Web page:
Results

Eight eyes of eight patients were studied, with demographic data summarized in Table 1. The average age at first implant was 40.6 years and 44 years at second implant. The average time to second implant was 42.7 months. Implant exchange was recommended based on recurrence of inflammation that subsided with local or systemic corticosteroid treatment or on the desire to continue suppressing inflammation when the implant was theoretically depleted based on prior data (6). The average time from second to third implant was 30.2 months for the two patients receiving a third implant. The average length of follow-up after the second implant was 32.3 months (range 16.7–43.1 months) and 19.5 months after the third implant (range 5.8–33.2 months).
Table 1

Demographic information for eight patients receiving exchange of fluocinolone acetonide implants (Retisert) for management of noninfectious uveitis

Patient no. (eye)

Gender

Age at 1st implant

Ocular diagnosis

Systemic involvement

Other eye involvement

1

F

25

Multifocal choroiditis

No

Yes

2

F

45

Sarcoidosis

Yes

Yes

3

F

41

Multifocal choroiditis

Yes

Yes

4

M

41

HLA-B27 positive uveitis

Yes

No

5

M

39

Serpiginous choroiditis

No

Yes

6

F

63

Birdshot choroidopathy

No

Yes

7

F

35

Idiopathic panuveitis

No

Yes

8

M

36

HLA-B27 positive uveitis

Yes

No

Final VA comparisons are presented in Table 2. Four of the eight patients experienced improved VA based on preoperative and final follow-up acuity measurements. One patient maintained stable acuity. Three patients had worsened VA at the final follow-up compared to initial acuity. Of these, one patient had intractable hypotony maculopathy 5.6 months after the second implant, one patient developed a subfoveal choroidal neovascularization after the first implant and one patient had recurrent ocular inflammation despite adjunctive treatment. VA comparisons before and after the first implant, before the first and after the second implants, and after the first and after the second implants were similar, with a 95 % confidence interval (−0.1520, 0.3683), (−0.2626, 0.1992), (−0.3177, 0.1338).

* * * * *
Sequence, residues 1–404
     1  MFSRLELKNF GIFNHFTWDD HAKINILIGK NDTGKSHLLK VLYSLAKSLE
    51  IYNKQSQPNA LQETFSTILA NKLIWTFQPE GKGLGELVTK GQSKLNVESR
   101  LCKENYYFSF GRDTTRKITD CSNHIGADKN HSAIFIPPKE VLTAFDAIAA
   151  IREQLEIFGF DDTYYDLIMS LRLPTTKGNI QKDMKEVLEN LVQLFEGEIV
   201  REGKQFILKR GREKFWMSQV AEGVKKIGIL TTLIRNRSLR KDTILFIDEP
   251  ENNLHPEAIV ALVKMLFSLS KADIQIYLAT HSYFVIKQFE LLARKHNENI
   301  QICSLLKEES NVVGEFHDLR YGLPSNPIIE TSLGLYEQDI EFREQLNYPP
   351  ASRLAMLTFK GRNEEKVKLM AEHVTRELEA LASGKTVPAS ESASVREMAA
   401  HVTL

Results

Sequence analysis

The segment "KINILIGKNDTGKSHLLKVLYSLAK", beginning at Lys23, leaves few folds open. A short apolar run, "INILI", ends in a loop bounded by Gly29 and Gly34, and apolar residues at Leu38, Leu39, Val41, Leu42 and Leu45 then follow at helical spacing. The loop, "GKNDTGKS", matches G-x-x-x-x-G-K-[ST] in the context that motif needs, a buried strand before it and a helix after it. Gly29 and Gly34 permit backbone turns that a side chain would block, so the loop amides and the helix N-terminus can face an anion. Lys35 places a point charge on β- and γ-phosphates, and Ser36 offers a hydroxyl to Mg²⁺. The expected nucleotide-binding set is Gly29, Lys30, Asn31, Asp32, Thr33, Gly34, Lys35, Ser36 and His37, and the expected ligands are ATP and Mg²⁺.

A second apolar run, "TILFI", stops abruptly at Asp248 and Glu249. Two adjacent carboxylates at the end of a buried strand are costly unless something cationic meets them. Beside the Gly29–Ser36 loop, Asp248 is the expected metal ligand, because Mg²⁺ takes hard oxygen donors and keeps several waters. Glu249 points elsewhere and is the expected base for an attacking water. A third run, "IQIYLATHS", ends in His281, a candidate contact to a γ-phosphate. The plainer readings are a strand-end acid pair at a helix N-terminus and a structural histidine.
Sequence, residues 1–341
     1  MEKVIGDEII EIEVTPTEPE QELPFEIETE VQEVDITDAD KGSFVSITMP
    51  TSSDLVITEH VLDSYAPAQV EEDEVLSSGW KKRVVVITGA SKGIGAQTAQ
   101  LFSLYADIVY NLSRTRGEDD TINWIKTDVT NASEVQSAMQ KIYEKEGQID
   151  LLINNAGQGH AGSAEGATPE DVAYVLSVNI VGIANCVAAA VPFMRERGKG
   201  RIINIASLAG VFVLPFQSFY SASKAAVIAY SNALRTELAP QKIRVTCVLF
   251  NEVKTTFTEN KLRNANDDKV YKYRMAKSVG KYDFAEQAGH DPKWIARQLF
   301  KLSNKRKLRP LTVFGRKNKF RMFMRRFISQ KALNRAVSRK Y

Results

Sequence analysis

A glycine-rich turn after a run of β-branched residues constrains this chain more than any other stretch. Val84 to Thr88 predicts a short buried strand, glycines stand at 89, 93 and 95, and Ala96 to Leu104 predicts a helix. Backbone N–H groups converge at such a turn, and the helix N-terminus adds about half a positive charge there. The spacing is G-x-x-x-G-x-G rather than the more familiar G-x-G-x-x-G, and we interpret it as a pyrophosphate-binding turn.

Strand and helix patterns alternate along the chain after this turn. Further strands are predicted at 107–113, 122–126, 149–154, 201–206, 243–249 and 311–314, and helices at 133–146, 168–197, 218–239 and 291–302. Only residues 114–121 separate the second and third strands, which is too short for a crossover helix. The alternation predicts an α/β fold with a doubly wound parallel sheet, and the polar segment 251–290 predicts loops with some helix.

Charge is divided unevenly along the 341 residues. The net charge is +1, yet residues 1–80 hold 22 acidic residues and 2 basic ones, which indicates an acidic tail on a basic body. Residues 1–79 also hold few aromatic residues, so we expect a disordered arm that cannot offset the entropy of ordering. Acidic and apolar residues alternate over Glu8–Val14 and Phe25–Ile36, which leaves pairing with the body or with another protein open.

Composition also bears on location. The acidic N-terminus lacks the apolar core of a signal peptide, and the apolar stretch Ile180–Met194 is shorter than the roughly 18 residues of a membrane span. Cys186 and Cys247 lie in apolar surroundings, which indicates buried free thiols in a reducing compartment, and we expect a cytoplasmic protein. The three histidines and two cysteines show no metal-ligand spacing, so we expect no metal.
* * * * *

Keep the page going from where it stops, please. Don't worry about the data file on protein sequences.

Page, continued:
Table 2

Visual acuities of seven patients receiving exchange of fluocinolone acetonide implants (Retisert) for management of noninfectious uveitis

 

Number

Mean difference

Standard deviation

95 % CL standard deviation

Preimplant versus postfirst implant

7

0.1081

0.2813

(0.1813, 0.6194)

Preimplant versus postsecond implant

7

−0.0317

0.2497

(0.1609, 0.5497)

During the 52 weeks prior to receiving the initial fluocinolone implant, all patients had at least one recurrence of inflammation. After the first implantation, five of the eight patients experienced a recurrence; however, in one of these five, the recurrence occurred 1 month after the first implant was removed due to extrusion of the implant, with implant removal 49.2 months after placement. After the second implant, three patients had recurrence of inflammation. When comparing the first and second implants, the median time to first inflammation recurrence was 35.7 months for the first implant and 30.1 months for the second implant. The Kaplan–Meier curves for these data are in Figs. 1 and 2. Of the two patients who received a third implant, the first patient received it secondary to recurrence of inflammation and the second received it secondary to a desire to prevent recurrence of inflammation when the implant depleted.
Fig. 1